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Friendly Aquaponics Newsletter
Number 27
February 10th,  2011
Images from our farmily aquaponics farm
Aloha Friend,

Being a pioneer can be scary. You're in new territory without any maps; "There be sea serpents here!", the old charts used to say. There are no sea serpents in aquaponics, but after surviving a near-bankruptcy in a different business, I know there are risks in any business and one needs to minimize them wherever possible. It's a new world out there: "unshakable" companies like GM need bailouts costing billions, and major banks and brokerages melt like snow in the summertime. The old rules no longer apply.

How does one navigate this brand new world? In 2006, we had two thriving businesses tied to the construction industry. When it went poof in 2007, we decided to grow food. We had no idea how, but we knew it didn't go out of style, and people didn't stop buying it like new homes and cars when the economy got difficult.

After two weeks of intense research, we set our feet on the path that led to us becoming the first aquaponics farm in the world to get USDA organically certified in 2008, the first ever to deliver to Costco, and the first to share everything we learned with others who wanted to duplicate our success. The farm has paid the bills since the first check came in September 2009. We'll talk a lot more about the organic aquaponic systems we pioneered and developed in this week's Nugget; but if you want to learn how to do this instead of just read about it, we have trainings scheduled for Florida in March and Hawaii in April of 2011.

Our FIRST EVER mainland training is scheduled in Florida from March 21st to March 24th, 2011. The training will be held at the Community Center of Ridge Manor, 34240 Cortez Blvd, Ridge Manor, Florida. Susanne Friend and Tim Mann of Friendly Aquaponics will be teaching the course  with Friendly Aquaponics affiliates Tonya Penick and Gina Cavaliero, who own and operate Green Acre Organics, where the hands-on sessions will be held. These Florida affiliate trainings will be held at Green Acre Organics on a regular basis from now on. The conference room we've hired for the Florida training only holds 120 participants, so reservations for the course will be taken on a first-come, first-served basis.

If you're interested in commercial scale aquaponics, please take a look at both the Hawaii and Florida Commercial Aquaponics Trainings (Special Offer in right sidebar of this email), where you will learn more about real-life operation of a commercial aquaponics system than you can anywhere else in the world. For smaller home backyard and apartment systems, please read on:

Hands-on Live Micro System Trainings planned for Hawaii locations in February:

If you want to learn aquaponics easily and inexpensively, these Micro System trainings may be perfect for you. They show you how to build AND operate a stable, durable, and productive 64 OR 128 square foot backyard aquaponics system in two weekends for less than $900 (for the 64), or $1,200 (for the 128) worth of materials you can buy locally.

To register for either of these trainings, just click on the links below or sign up for the Hamakua course by calling John and June at 962-0515; or the Kona course by calling Alexis and Chris at 325-7665.

Enroll in the February 12th Hamakua Micro System course

Enroll in the February 19th Kona Micro System course

Aquaponics Nugget #27:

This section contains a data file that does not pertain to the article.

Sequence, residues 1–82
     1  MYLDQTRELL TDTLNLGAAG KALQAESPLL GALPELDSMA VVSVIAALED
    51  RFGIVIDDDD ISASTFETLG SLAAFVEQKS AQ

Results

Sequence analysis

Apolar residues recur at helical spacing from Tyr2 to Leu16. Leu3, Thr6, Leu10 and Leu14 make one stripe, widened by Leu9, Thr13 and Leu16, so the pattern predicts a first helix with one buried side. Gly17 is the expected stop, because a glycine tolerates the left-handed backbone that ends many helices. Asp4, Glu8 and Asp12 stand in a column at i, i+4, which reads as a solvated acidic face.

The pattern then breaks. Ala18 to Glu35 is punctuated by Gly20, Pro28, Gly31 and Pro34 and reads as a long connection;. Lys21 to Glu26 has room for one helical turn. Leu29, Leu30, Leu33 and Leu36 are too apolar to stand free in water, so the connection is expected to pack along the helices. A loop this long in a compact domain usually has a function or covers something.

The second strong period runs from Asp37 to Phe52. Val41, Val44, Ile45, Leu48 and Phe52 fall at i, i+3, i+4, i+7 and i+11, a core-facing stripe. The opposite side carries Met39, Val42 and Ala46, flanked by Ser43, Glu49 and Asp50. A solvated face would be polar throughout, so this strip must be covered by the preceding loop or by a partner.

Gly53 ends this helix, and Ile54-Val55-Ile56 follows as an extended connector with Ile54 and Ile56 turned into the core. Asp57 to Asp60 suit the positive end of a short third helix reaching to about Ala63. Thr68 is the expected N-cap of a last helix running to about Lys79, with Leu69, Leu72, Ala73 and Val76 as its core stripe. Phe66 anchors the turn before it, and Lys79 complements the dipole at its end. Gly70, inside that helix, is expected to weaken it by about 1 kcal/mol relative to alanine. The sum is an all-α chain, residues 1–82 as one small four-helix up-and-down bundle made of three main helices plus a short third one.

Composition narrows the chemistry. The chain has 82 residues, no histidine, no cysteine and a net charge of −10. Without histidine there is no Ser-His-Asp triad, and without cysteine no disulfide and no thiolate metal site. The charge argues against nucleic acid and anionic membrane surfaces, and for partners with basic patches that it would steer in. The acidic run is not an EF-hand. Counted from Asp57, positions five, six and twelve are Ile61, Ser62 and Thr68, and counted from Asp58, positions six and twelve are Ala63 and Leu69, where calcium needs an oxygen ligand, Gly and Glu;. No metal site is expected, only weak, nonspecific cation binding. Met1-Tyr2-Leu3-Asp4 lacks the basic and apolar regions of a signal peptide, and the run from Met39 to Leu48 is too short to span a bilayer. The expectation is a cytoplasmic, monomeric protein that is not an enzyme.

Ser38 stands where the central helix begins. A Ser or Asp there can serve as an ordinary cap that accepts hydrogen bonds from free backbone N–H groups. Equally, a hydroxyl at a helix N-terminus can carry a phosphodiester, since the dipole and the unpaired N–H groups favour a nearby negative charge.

Organic Aquaponics Systems (Part 1 )

Organic Aquaponics Systems

We learned (in the excellent 2007 UVI aquaponics course), that aquaponics systems tend to become acidic (lower pH numbers) over time because of the conversion of the
carbon dioxide the fish breathe out into carbonic acid; and that the operator needs to add bases to the system (chemicals with higher pH numbers) to bring the pH back up into the range that is good for fish and plants.

he first six months we operated our original UVI-type systems, we did so EXACTLY as we had learned, by adjusting pH with potassium hydroxide and calcium hydroxide (chemicals that are very basic), when the pH went down below 6 or so. This was NOT an organic system, because both of these chemicals are on the OMRI (Organic Materials Research Institute) not approved list.

These two chemicals are also quite caustic; if you scoop up a handful of potassium hydroxide (lye) without a rubber glove on, you will have a serious chemical burn to deal with. Although UVI told us they adjusted pH about once a month, we found that we had to adjust pH every two weeks at times. We did so VERY carefully, because if we put too much of the hydroxides in, we could cause the system pH to hit levels that would damage or kill fish and plants. Our method was to put in a small amount, let the system circulate for 24 hours, then remeasure pH, and adjust again (carefully!), if we hadn't hit our target of 7.0. Because this was so new to us, we took water quality measurements twice a day for four months, going through a mountain of test strips. We have a very good picture of what the water temperature, pH, DO, ammonia, nitrites, and nitrates were in the system during this time.

When Susanne was preparing for our organic certification in 2008, she got rid of the potassium and calcium hydroxides and substituted calcium carbonate to adjust our system's pH. In Hawaii, calcium carbonate is coral sand from the beach, AND it is on OMRI's approved list. We can tell you there's nothing safer; our kids used to eat beach sand when they were little and it would show up in their diaper the next day. Anyway, we put a few handfuls of calcium carbonate in our systems the next time the pH went down to 6, and the pH went up to 7.0, just as it had when we were using the hydroxides.

What surprised us out of our slippers (this is Hawaii, remember?) was that after a month the pH was still 7.0! Even more surprising, it was still 7.0 after THREE months of no calcium carbonate additions! After four months, the pH was down around 6.4 and we added calcium carbonate again. This time it was six months until we saw the pH go below 6.90, and we adjusted when pH hit 6.7 at seven months or so after the last addition. This was the LAST time we adjusted pH in any of our systems, TWO YEARS AGO! The pH has been rock-steady between 6.9 and 7.1 for two years, in all seven of our systems. This was pretty interesting stuff!